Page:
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Speaking the Language of Hope April 23, 2020

Posted by ajoyfulpractice in Uncategorized.
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– Title of the third sigur rós album, on which all songs are “sung” by jónsi (born 4/23/1975) in Hopelandic (“Vonlenska” in Icelandic)

A lot of people, me included, find sigur rós music relaxing. I also find it visceral, something felt deep in the body. So, sometimes, when I want people to really tune in and pay attention to how they are feeling – deep in their bodies – I play sigur rós. There are albums where jónsi sings in Icelandic. On the third album, however, he sings in an imaginary language the band calls Hopelandic.

Hopelandic. How can you not love that name, or the idea of a place where the native language is hope?

“it’s of course not an actual language by definition (no vocabulary, grammar, etc.), it’s rather a form of gibberish vocals that fits to the music and acts as another instrument. jónsi likens it with what singers sometimes do when they’ve decided on the melody but haven’t written the lyrics yet.”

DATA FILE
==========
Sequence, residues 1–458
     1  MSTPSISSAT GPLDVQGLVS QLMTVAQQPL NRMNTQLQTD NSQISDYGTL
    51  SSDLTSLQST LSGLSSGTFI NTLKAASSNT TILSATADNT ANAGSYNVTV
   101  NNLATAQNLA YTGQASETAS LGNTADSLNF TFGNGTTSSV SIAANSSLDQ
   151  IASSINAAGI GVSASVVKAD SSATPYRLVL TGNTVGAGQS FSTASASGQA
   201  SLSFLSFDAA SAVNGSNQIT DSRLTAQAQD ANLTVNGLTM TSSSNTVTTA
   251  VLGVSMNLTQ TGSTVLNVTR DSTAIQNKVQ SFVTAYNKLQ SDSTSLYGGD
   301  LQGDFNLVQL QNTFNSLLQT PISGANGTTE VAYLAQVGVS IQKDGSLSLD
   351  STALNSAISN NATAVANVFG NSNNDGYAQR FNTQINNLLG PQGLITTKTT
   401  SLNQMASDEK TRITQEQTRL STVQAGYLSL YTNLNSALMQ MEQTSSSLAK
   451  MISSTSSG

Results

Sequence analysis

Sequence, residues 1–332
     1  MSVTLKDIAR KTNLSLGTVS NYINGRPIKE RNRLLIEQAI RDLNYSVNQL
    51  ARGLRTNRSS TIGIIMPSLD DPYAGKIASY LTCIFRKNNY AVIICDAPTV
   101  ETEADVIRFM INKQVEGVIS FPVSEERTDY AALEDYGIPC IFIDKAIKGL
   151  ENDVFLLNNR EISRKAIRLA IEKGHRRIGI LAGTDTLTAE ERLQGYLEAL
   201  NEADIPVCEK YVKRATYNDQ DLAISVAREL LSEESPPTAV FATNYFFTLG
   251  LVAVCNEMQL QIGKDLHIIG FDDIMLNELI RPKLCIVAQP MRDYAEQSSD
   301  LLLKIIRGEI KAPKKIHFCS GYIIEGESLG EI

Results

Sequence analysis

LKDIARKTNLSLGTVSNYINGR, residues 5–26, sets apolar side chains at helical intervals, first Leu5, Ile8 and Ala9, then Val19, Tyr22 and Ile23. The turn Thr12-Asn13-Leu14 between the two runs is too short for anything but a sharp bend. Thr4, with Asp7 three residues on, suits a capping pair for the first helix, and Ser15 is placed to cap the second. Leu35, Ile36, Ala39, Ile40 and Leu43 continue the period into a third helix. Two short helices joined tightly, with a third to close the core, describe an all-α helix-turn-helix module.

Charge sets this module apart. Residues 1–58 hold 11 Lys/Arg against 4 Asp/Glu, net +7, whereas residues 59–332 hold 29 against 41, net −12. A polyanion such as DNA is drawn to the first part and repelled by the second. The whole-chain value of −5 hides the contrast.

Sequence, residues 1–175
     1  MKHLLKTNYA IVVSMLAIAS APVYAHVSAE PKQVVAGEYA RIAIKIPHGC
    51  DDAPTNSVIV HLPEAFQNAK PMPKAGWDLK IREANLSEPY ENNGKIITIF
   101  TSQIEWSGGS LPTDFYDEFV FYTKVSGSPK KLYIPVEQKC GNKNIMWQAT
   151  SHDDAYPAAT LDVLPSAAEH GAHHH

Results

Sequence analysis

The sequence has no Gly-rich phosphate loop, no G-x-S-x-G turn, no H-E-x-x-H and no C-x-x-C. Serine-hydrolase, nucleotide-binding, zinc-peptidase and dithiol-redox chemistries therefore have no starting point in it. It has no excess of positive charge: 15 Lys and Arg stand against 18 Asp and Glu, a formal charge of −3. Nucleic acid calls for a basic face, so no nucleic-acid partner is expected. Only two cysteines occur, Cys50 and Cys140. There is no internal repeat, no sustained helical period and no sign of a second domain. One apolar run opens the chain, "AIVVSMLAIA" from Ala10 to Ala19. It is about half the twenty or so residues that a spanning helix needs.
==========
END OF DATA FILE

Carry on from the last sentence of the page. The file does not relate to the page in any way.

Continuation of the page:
– from the faq section of the sigur rós website

When I play sigur rós in class, I remind people that they are hearing an imaginary language, but also point out that if you listen long enough you can not only sing along you can also feel as if you understand what is being sung – if not the words (since they aren’t, technically, words), at least the sentiment. I also explain that it is a little like listening to the mind-body.

Our minds and bodies speak in sensation, that’s how they communicate information. The only problem is, we’re not always fluent in sensation. So, just like we do when we are learning a new language, we need to experience the “vocabulary” in context and then repeat and repeat them until they are ingrained. Living our lives in our bodies is a little like being immersed in a foreign language – except for the part where we can ignore all of the sensation/information and only converse in our native tongue because, in some ways, it is easier than trying to understand this language no one spends a lot of time teaching us how to understand. The physical practice of yoga (hatha yoga, regardless of the style or tradition) is a way to start learning the language.